In other words, unless we all remember and adhere to a certain "theory of news" -- Kovach and Rosenstiel's theory, it turns out -- the United States might be annihilated. Our potential destroyer is "technological utopianism," which is apparently comparable to communism, fascism, and, er, whatever ism we were fighting in World War I. Secret-diplomatic-pactism, presumably...or was it Hapsburgism?
Such factually uncluttered hyperbole does not merely invite a certain awe. It also happens to violate at least one of the book's 10 proposed "elements of journalism." It clearly shatters No. 9, which states in part that "journalists should keep the news in proportion," and quite plausibly breaks No. 1, which says "journalism's first obligation is to the truth." Yet, contradictory as it may seem, such hot-winded "journalism of assertion" (another trend the authors lament) is actually quite typical of a curious movement to reform American reporting.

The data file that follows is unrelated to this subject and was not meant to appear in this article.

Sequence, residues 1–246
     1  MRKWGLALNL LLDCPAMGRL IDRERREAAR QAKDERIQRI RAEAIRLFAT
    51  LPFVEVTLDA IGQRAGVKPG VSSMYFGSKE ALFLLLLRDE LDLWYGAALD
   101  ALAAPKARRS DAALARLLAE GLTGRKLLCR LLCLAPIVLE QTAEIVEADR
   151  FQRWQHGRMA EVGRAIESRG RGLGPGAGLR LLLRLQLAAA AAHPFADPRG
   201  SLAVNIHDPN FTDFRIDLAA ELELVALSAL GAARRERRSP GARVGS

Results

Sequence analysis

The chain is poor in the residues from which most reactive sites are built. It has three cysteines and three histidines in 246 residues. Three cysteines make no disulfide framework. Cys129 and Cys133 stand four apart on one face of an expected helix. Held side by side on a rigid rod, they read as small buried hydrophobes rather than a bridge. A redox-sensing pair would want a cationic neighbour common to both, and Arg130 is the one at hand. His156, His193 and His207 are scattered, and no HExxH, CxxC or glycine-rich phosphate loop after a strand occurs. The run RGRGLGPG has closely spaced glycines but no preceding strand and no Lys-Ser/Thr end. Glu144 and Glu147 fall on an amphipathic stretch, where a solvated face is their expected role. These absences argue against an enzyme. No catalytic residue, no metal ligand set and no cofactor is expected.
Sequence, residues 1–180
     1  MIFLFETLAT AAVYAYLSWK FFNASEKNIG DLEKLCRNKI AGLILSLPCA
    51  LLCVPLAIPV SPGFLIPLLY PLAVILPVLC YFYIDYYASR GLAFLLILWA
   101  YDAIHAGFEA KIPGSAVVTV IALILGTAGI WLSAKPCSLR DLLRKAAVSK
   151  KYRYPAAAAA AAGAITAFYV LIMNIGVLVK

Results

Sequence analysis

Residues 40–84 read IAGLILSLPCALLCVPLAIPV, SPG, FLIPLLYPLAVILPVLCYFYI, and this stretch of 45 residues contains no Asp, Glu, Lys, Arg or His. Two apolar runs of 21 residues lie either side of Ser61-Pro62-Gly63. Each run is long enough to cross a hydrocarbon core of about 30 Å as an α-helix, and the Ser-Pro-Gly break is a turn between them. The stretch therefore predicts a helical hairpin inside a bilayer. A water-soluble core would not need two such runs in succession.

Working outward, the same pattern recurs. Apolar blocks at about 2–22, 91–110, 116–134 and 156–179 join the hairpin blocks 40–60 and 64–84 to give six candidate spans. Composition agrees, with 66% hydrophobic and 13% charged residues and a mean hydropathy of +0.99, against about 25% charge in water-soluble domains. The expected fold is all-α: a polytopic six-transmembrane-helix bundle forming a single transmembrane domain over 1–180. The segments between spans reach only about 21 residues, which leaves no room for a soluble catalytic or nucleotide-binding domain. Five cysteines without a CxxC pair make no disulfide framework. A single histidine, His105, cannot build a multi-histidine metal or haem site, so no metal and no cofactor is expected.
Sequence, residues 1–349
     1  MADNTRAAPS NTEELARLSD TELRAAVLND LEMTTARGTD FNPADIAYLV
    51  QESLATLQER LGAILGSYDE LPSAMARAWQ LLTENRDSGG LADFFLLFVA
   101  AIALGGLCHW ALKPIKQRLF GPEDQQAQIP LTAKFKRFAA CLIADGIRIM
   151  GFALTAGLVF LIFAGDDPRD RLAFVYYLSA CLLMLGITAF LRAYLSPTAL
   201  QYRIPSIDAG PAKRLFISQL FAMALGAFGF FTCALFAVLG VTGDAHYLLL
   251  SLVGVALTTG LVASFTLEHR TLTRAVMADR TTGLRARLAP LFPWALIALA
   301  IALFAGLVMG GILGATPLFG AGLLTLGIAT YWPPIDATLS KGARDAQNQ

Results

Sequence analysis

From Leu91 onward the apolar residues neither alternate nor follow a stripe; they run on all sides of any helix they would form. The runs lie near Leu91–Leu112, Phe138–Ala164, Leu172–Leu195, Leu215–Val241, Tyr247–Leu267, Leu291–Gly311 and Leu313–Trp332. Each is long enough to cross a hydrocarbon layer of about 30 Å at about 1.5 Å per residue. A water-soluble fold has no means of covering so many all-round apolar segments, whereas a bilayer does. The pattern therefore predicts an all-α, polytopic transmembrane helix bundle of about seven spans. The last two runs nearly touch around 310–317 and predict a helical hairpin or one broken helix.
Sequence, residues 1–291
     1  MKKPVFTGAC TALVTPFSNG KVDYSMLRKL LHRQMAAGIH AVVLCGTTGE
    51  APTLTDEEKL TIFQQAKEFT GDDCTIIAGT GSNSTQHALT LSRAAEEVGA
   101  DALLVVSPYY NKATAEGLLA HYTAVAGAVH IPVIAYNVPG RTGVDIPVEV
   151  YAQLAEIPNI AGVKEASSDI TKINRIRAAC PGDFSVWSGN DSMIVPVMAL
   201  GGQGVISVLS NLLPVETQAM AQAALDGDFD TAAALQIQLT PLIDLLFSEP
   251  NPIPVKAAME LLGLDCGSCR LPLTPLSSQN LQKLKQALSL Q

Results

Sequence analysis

The Elements of Journalism -- and The News About the News: American Journalism in Peril, written by top Washington Post editors Leonard Downie and Robert Kaiser -- are only the latest of many recent books that reassert the media's core "values" in an age of industry uncertainty, vocational self-doubt, and an ever-splintering audience. But as that odd statement about "technological utopianism" reveals, these critics often flout the very principles they profess to protect. They also reinforce the mores of the country's elite newspapers while exuding a hostile ignorance toward the publishing explosion on the World Wide Web and the boom in cable news -- that is, toward the freshest sources of modern media expression and competition.